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Identity

July 31, 2007

In the same way that some people could start a fight in an empty room, it appears that some people can contrive to fall off the floor despite having the all the right equipment and detailed instructions.

Alarmingly, this seems true of Walk The Line‘s director, James Mangold, whose daft you-won’t-see-the-twist-coming psychobabble serial killer thriller Identity I saw at the weekend.

Identity…geddit? No, perhaps a tad too soon, but you will.

Ten strangers (yeah, ten) are ‘trapped’ in a motel (stop yawning at the back) and gradually get bumped off in – wait for it – a variety of ways. Interspersed with this, Alfred Molina, who not only has a beard and an English accent but wears specs really well and so must be a bit of a brain-box, is interviewing a man so fat and bald he could only be an irredeemable loony (oh cool, so that means Alfred’s a Psychologist; there you go, I knew he was smart, what with the frikkin’ glasses and all). It’s all coming together. There is no obvious link between these two stories, except for the fact that they’re in the same movie and it’s a movie that’s almost certainly been shown in multiplexes in the MidWest…so they clearly are linked.

Deep sigh.

Anyhoo, these ten people are trapped, and on first appearances they seem like a good enough bunch: John Cusak, Ray Liotta, Rebecca de Mornay, that chap from Scrubs with the rectangular head, someone from CSI: Biggleswade, etc… A bunch, some recognisable but clearly in the shop window for better work, some just glad of a break from all the coke-sniffing and daisy-chain buggery you get in LA. Heck, you know it happens. These people aren’t gods just because they appear on television!

Anyway. So.

Did I say ‘trapped in a motel’? Yes, happens all the time, doesn’t it? Shitting crikey, I thought, as I watched, the times I’ve been trapped in a motel. If I had a pound for every time I’ve been trapped in a motel, I’d have…less than a pound. Oh, look, it’s raining, you see, and the motel’s in the middle of nowhere, and no-one can get a signal on their moby and the roads are closed because clearly rain has only just been invented and caught everyone unaware. And so they’re all cooped up in this gothic little hell-hole, ripe for plucking. Back and forth we go, from motel to Psychologist, from Psychologist to motel, and all the while it gets more and more convoluted and people start dying and the killer could be any one of them (but, hey, surely not the little kid?!), but at the same time the killer can’t be any of them because people drift in and out of the frame all the time. Oh and they all discover their names are States and they all share the same birthday. Or something.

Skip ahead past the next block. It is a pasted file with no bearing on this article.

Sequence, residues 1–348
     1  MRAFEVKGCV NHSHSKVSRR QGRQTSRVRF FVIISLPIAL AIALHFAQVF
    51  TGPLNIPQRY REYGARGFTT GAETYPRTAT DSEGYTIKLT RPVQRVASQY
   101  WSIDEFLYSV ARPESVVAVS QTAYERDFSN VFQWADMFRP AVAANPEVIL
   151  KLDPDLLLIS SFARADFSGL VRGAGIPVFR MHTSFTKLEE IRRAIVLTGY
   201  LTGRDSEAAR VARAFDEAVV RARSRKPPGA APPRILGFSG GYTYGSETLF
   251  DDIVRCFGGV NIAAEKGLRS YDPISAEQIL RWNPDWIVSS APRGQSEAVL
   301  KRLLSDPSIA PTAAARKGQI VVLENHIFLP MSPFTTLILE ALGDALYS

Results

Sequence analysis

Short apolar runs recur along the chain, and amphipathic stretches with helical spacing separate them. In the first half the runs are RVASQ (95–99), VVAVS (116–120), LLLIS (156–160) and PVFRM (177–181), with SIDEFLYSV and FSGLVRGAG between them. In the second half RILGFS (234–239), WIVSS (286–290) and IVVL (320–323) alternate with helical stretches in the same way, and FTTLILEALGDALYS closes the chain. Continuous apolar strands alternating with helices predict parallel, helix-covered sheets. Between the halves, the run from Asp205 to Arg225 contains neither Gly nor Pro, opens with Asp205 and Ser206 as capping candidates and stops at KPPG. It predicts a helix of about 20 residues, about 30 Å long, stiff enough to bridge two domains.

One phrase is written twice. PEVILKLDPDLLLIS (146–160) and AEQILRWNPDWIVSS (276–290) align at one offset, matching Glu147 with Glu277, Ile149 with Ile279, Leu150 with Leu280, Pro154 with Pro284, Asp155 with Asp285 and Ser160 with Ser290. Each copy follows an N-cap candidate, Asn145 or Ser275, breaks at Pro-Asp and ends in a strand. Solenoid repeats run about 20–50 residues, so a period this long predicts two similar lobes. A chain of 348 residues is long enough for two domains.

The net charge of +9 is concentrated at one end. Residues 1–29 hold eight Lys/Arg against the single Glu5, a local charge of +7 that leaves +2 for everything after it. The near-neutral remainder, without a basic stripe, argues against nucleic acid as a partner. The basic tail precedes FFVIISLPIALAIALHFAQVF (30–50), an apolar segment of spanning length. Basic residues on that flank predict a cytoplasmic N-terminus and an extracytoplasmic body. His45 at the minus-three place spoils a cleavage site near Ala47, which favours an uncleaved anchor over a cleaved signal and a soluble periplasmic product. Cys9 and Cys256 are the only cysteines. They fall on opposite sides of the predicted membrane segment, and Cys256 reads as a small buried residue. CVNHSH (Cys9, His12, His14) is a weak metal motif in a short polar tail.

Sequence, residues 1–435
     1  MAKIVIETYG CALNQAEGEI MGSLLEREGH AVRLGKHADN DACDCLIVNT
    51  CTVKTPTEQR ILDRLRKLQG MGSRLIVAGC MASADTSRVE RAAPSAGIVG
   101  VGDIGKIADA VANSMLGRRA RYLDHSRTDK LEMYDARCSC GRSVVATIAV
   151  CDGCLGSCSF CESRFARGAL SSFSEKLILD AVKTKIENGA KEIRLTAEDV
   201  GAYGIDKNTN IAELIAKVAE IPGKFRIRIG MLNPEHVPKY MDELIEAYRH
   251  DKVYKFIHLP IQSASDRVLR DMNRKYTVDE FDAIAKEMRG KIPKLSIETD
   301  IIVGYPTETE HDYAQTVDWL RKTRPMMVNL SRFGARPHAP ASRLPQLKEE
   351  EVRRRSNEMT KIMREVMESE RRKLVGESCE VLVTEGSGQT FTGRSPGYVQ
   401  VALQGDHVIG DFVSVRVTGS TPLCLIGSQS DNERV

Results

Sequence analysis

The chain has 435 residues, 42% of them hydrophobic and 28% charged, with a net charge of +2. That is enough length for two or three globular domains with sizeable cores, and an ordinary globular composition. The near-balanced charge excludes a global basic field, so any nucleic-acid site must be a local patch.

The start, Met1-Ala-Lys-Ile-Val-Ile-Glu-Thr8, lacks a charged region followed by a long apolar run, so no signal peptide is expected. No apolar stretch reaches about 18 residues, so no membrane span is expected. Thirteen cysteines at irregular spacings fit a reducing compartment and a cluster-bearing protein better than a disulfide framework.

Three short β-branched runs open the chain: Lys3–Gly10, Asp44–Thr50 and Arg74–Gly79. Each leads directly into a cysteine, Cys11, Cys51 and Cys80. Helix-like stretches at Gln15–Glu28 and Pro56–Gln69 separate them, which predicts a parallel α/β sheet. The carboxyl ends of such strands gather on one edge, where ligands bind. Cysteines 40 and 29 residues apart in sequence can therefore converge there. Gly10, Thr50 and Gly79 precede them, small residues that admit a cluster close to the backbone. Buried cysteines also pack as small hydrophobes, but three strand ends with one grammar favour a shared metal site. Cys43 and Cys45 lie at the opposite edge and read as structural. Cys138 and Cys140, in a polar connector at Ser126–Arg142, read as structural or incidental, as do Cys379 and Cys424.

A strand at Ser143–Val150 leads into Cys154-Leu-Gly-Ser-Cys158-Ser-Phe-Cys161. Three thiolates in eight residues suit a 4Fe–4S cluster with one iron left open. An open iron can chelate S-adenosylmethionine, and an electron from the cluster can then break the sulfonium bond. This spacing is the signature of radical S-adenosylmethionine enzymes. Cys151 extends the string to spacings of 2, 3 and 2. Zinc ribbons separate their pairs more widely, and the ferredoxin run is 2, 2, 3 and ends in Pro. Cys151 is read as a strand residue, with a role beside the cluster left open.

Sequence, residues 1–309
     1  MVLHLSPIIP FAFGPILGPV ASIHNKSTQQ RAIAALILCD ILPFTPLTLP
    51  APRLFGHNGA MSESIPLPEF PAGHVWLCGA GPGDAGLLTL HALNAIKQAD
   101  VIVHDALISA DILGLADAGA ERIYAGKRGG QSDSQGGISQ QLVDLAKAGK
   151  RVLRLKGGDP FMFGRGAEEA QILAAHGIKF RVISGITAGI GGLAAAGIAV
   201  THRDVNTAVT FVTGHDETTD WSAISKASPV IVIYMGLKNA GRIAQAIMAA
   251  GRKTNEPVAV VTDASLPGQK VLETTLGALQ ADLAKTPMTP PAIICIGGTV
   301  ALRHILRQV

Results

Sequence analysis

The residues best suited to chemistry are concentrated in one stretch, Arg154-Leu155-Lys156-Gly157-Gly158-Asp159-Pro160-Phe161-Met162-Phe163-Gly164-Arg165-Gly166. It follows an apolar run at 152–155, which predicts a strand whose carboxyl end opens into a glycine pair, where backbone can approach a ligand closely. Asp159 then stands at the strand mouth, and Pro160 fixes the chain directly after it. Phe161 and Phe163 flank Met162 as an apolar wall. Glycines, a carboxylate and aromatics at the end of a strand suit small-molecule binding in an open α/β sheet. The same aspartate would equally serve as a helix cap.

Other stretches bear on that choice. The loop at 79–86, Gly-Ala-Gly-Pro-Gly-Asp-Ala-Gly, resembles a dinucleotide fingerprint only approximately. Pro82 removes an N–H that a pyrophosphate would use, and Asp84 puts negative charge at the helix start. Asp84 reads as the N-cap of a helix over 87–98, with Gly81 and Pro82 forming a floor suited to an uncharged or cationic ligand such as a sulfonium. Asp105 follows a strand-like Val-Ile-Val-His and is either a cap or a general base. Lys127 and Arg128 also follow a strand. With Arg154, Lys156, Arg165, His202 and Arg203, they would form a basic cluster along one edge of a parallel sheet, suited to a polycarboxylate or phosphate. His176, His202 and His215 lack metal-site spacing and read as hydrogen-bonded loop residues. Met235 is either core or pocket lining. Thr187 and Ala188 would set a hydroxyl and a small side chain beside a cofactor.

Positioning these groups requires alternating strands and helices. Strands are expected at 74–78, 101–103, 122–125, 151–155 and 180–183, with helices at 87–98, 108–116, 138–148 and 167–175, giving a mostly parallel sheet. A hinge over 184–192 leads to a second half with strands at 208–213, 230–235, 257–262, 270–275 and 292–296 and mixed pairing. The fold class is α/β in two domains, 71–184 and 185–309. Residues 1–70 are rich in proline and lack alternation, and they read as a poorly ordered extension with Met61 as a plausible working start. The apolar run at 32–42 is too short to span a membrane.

Fuck-a-doodle-do. Let’s re-cap.

You are watching a movie called Identity. You are watching a movie called Identity. There are ten people with similar names who all share the same birthday. They’re ‘trapped’ in an implausibly artificial environment. Their demises are inexplicable. Then, there’s poor old Alfred Molina thesping it up big stylee as the Psychologist trying to piece together the fractured mind of a unsympathetically depilated, obese, not-as-pretty-as-the-assholes-who-are-dying madman who is outside of the artificial environment. You work it out.

It took me about half an hour…and once you get ‘the twist’, what is there in this sort of movie for you to give a toss about? Mangold had everything at his disposal here, including a way-above average cast, but he screws up lamentably. Stylistically, it only just aspired to the Elm Street movies; thematically, it wanted to be The Sixth Sense; artistically it stank like a tramp’s todger.

And this guy made Walk The Line? Jeeesh.

I’m saddest for John Cusak, frankly, who ought to retire now and leave us with memories of Grosse Point Blank, The Grifters and The Sure Thing, and not dross like this.

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